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Hunger and Food Instability for Veterans

Hunger and Food Instability

At this time of year, a large portion of the nation’s population is starting to plan and prep for Thanksgiving. For many, this means not only time to be thankful, spend time with loved ones, and express gratitude, but a day of overabundance of food. 

For veterans struggling with food instability, Thanksgiving day can be an especially painful reminder of not having enough food for themselves and/or their family. 

Most Likely to Face Food Instability

According to a study published online by Cambridge University Press, there are certain veteran demographic groups that are much more likely to face food instability.

Veterans at the highest associated risk are those with any of the following demographic, socioeconomic, or medical concerns:

  • Hispanic
  • Black
  • Female (one study in 2018 reported 28% of women veteran participants tested food instable)
  • Non-married
  • Single parents
  • Lower-income
  • Those without disability benefits
  • Those without stable housing
  • Mental health issues- including depression and PTSD
  • Diabetic
  • Those who experienced military sexual trauma

Food instability is a risk factor for other burdens and struggles as well. Veterans who are food unstable are also more likely to suffer from increased mental and physical health issues, and face home instability or homelessness.

instability

Hurdles to Receiving Food Assistance
  • There is disagreement over the facts and magnitude of veteran hunger and food instability. Experts argue that without proper data and research, we won’t be able to get close to truly understanding the matter and seeing accurate numbers. An example of the current misconceptions are that some studies have reported higher rates of food instability amongst veterans, while other studies have reported lower rates! Regardless, veterans shouldn’t be struggling to have enough nutritious food for themselves and their families. 
  • Many programs count “Basic Allowance for Housing (BAH) as income that could prevent a veteran from qualifying for food assistance. The veteran and family need both a home and food, but the BAH in this case almost works against them for food benefits.
  • Lack of education or adequate information of available programs.
  • There has historically not been sufficient focus by Congress and lawmakers on this issue. 
What Help is Available?

There are good resources for veterans and non-veterans alike.

  • SNAP– The Supplemental Nutrition Assistance Plan is a federally funded program that helps needy families obtain more nutritional food and strives to guide them toward food/health stability. SNAP benefits increased as of October this year. Veteran participation in SNAP is actually not as high as it could/should be. An estimated 59% of eligible veterans are NOT enrolled in SNAP and losing out on those benefits. Reasons for this are thought to be due to the stigma of applying for, and receiving, federal food aid, the lack of information and knowledge about the program, and mental illness. There are also work requirement rules that can make eligibility of receiving SNAP benefits limited or available for only a short duration.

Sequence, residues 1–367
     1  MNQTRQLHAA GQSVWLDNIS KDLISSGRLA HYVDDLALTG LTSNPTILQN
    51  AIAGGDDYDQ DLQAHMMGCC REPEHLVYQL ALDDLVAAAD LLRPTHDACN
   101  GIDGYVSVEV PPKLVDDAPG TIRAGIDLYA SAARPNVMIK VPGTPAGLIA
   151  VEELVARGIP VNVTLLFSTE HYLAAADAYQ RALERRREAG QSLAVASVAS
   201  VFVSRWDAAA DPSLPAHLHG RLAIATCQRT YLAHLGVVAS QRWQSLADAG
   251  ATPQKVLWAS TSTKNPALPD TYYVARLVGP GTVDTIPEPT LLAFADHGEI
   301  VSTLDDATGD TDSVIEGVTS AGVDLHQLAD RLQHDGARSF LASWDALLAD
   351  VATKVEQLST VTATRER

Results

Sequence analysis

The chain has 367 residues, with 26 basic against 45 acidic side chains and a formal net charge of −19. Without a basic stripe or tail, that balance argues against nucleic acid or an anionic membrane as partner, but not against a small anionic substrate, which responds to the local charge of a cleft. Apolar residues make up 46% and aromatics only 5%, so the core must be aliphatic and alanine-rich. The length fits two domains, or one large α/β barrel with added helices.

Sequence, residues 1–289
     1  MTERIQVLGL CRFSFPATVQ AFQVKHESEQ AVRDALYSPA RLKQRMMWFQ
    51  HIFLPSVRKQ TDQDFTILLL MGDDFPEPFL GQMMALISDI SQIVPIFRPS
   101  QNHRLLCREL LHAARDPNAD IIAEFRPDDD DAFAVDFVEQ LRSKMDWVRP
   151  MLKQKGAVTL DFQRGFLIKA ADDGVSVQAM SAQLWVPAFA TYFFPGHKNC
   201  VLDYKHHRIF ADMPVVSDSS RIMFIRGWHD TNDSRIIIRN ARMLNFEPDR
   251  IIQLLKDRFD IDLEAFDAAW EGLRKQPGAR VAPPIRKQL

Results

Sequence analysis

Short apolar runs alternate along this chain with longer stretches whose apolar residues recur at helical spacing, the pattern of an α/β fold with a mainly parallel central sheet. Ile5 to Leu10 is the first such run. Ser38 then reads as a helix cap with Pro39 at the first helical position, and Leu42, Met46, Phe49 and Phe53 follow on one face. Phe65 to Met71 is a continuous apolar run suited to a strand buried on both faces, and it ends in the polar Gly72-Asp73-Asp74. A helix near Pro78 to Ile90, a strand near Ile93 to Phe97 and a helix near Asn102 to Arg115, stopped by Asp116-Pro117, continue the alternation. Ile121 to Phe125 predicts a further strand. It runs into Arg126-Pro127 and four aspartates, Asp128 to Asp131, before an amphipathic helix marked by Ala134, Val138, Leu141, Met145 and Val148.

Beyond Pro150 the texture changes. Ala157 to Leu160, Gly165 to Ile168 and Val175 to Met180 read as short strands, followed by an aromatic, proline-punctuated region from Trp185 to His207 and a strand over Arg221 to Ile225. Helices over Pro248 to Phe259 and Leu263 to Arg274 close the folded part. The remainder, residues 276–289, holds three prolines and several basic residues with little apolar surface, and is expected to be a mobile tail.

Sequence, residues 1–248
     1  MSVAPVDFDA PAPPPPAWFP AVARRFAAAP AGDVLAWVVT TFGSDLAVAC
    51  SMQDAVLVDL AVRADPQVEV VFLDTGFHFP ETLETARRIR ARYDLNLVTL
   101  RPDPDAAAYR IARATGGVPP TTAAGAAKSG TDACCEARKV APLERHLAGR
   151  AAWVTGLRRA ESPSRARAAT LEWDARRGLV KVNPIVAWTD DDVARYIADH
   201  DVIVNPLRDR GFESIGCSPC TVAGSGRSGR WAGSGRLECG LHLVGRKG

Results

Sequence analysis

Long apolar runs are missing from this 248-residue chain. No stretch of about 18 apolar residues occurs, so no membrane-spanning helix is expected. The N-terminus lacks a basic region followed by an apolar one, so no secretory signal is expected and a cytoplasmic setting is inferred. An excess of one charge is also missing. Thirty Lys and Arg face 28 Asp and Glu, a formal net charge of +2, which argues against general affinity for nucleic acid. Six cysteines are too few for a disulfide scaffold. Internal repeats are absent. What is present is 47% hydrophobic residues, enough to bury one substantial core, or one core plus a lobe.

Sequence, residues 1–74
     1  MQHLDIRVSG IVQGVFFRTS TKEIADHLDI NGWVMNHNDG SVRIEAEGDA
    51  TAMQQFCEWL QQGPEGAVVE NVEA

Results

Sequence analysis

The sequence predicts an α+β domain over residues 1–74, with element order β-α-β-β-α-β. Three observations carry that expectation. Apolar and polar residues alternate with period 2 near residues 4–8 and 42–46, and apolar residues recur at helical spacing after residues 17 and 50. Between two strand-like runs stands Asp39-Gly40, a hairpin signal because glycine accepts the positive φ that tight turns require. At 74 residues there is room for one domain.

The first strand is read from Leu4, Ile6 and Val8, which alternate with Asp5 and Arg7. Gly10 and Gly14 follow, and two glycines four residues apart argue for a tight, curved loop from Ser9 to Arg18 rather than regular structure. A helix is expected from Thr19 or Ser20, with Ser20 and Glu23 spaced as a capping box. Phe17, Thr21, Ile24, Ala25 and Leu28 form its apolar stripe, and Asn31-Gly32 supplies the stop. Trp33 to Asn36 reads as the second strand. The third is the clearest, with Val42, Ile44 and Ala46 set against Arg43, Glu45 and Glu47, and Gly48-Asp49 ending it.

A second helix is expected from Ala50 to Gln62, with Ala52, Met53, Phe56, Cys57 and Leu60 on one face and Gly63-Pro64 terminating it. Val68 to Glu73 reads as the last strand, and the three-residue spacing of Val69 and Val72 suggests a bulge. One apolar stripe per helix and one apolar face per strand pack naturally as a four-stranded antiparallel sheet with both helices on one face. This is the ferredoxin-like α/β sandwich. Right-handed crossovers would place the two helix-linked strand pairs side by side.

• Food Insecurity Screenings through the VA- In March of this year, the VA added two hunger/food related questions to the screening for all veterans who are seen at a VA medical or health center. Staff are being trained to recognize and handle hunger and food instability better. There is a three month reminder that is supposed to be entered into the veteran’s records for someone to check in with them to keep an eye on hunger and food stability.
  • Feeding America– find local food banks through Feeding America here.
  • The EveryONE project– there is a zip code search function to find resources in many different areas, including food. Check it out here.
  • MAZON: a Jewish Response to Hunger– a national organization that fights to end hunger for all people. The site has searchable resources for food assistance
  • Meals on Wheels – searchable by zip code to find local resources for meals and delivery service; visit the site.
  • Food Research and Action Center (FRAC)– a nonprofit striving to end poverty. Learn more about what they do and offer.

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Hope For Positive Change!
  1. A congressionally-mandated report on food insecurity is due at the end of March, 2022. (The Department of Defense has postponed this previously.)
  2. MAZON has a proposal to lawmakers for a Basic Needs Allowance” for military and veteran families, to increase the amount of assistance they get to put toward necessities like nutritious food. This proposal now has good support from both the House and Senate.
  3. More push and support needs to happen to make sure the BAH isn’t counted as income in regards to eligibility for other need-based programs. 
Articles and Research on This Issue:

hunger Hunger and Food Instability for Veterans

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